These are common things we hear:
These is not my area of gifting
I am not wired this way
My strengths and weaknesses are…
These are also the common lines we use to decipher and decide what we do, where we serve; and how joyful we are in our circumstances.
Self-awareness is very important. The self-aware person is the one who can restrain himself and choose the more godly way because he knows well his weaknesses and tendencies. But I venture to say that speaking of gifting, wiring and abilities do not add up to self-awareness. They belong to the realm of self-knowledge: things we know about ourselves after we have taken an inventory (personality profile tests) or gone through some experiences (I really enjoy working with the elderly).
Self-awareness goes deeper. It is not so much about what we can or like to do; but about what truly motivates us, what engine is humming within our souls.
King David was on a roll: military success, kingdom expansion, secured borders, repute, and several wives. But he did not recognize that a hunger still lurked within him. He forgot how easily his heart is turned on by beauty. In the devastating episode of his adulterous relationship with Bathsheba and the subsequent abuse of his power to cover up his sin, God would need to bring him to a full accounting. No excuses for the high and mighty, anointed king of the land. In that famous Psalm of repentance, we read this —
For You desire truth
In my inward parts – Psa 51v6
How many layers and levels of truth are there? To God, the truth that matters most is the one that sits deep within the folds of our soul.
David came to realize that he was not invulnerable. It is not a comfortable truth to accept. Indeed; he recognized this frailty for what it is and can do, and he is undone! David was brought to an awareness he did not have previously.
Alas, this is often the way we must travel to come to see ourselves truly – through failure and brokenness. We are tempted to despair – if – our confidence is in what we have to offer.
Self-awareness happens when we are cultivating God-awareness. We discover the contours of our soul and the shape of our hearts as we come to God and ask Him to reveal it to us. After all, we do not like to admit to our brokenness, our neediness and our darkness. We have been well trained to present our best face and put our best foot forward; so much so our hearts are often so hidden from our own view. We need God to show it to us.
At times, what we are shown is so stark that we can only cry –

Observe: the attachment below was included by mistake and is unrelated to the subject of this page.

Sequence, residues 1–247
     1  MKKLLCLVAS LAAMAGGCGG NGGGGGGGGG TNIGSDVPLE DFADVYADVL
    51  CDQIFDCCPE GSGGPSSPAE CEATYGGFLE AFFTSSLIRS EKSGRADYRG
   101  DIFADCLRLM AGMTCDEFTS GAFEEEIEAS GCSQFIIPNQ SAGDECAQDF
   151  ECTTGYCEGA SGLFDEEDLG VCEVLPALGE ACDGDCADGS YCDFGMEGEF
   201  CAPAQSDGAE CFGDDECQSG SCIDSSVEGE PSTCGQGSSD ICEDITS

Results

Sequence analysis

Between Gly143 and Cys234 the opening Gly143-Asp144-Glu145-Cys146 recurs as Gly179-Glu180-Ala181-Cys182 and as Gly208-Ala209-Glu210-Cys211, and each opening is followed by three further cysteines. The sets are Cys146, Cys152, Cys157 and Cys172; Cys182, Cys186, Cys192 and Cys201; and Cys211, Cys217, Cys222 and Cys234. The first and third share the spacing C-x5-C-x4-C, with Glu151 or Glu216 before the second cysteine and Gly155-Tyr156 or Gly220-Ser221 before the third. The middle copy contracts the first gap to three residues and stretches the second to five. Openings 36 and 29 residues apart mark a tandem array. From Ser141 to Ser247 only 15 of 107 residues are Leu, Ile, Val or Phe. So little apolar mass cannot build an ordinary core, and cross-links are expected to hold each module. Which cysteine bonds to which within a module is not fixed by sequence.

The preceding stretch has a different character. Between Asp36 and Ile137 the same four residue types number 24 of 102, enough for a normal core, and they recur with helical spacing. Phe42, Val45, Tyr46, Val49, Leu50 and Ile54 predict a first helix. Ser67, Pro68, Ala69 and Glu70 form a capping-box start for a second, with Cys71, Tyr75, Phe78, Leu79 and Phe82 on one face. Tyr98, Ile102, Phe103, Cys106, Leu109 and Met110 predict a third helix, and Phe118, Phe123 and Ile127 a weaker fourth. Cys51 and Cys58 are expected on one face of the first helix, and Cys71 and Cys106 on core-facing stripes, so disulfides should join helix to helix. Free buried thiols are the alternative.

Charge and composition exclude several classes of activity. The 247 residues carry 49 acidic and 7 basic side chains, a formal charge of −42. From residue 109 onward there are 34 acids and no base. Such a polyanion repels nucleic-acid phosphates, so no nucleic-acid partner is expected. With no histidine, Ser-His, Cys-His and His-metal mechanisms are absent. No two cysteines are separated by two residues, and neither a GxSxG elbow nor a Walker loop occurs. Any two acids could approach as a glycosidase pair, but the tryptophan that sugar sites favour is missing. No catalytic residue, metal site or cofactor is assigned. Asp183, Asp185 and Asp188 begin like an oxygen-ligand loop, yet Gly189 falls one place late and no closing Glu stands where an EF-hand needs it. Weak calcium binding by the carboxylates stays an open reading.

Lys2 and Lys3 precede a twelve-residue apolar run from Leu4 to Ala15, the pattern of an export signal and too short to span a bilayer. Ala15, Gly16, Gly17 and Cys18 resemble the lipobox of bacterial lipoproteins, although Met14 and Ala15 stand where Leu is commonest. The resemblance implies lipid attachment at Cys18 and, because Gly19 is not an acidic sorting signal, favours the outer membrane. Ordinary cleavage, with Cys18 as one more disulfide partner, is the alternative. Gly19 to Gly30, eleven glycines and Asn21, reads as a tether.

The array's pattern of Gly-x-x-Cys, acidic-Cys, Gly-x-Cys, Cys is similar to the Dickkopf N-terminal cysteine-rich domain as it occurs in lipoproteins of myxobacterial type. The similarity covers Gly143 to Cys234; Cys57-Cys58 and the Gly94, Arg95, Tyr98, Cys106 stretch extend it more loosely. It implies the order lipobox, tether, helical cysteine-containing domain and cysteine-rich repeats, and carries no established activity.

Create in me
A clean heart! – Psa 51
And strangely at these moments, we do not feel the heavy hand of judgment but the tender draw of acceptance and lovingkindness.
As this happens, we clamber over the walls of self-knowing and self-definitions – which are really walls of self-protection – and are now ready for the vast vista before us, and join the ranks of many who knows what it means to be a servant of the Most High.
“St Paul did not want to be an apostle to the Gentles… He wanted to be a clever and appreciated young Jewish scholar, and kicked against the pricks. St Ambrose and St Augustine did not want to be overworked and worried bishops. Nothing was father from their intention. St Cuthbert wanted the solitude and freedom of his hermitage on the Farne; but he did not often get there. St Francis Xavier’s preference was for an ordered life close to his beloved master, St Ignatius. At a few hours’ notice, he was sent to be the Apostle of the Indies and never returned to Europe again. Henry Martyn, the fragile and exquisite scholar, was compelled to sacrifice the intellectual; life to which was so perfectly fitted for the missionary life to which he was decisively called. In all these, a power beyond themselves decided the direction of life. Yet in all, we recognize not frustration, but the highest of all types of achievement. Things like this… convince us that the overruling reality of life is the Will and Choice of a Spirit acting not in a mechanical but in a living and personal way; and that the spiritual life of man does not consist in mere individual betterment, or assiduous attention to his own soul, but in a free and unconditional response to the Spirit’s pressure and call, whatever the cost may be.”
~ Evelyn Underhill
God no doubt knows all about our gifts, talents as well as the motivations and fears we have. Intent on our salvation; he will take us through the terrain that must be trod for all of these to surface and be handled rightly. Can we His servants learn to trust Him more deeply to tutor and shape and prepare us for the road?
John Wesley’s prayer may help us here ~
I am no longer my own, but thine.
Put me to what thou wilt, rank me with whom thou wilt.
Put me to doing, put me to suffering.
Let me be employed for thee or laid aside for thee,
exalted for thee or brought low for thee.
Let me be full, let me be empty.
Let me have all things, let me have nothing.
I freely and heartily yield all things to thy pleasure and disposal.
And now, O glorious and blessed God, Father, Son and Holy Spirit,
thou art mine, and I am thine.
So be it.
And the covenant which I have made on earth,
let it be ratified in heaven.
So wait on the LORD patiently, endure, serve with gladness and know that your reward, your satisfaction and your highest aim in life is not the perfect church/ministry; but the perfect God – and Him you already have.
Also be not afraid of changes large and small that may come to upheaval all you have worked to build and sacrificed for. Be not afraid of doors that close or small tight spaces. Be not afraid of new winds blowing and invitations to consider something new. For nothing is hidden from His view and if you walk in the Light, you need not stumble even if the trail turns a sharp corner and you feel you may fall off the cliff. Hold on to Him, walk closer to the Light and find that God already has you.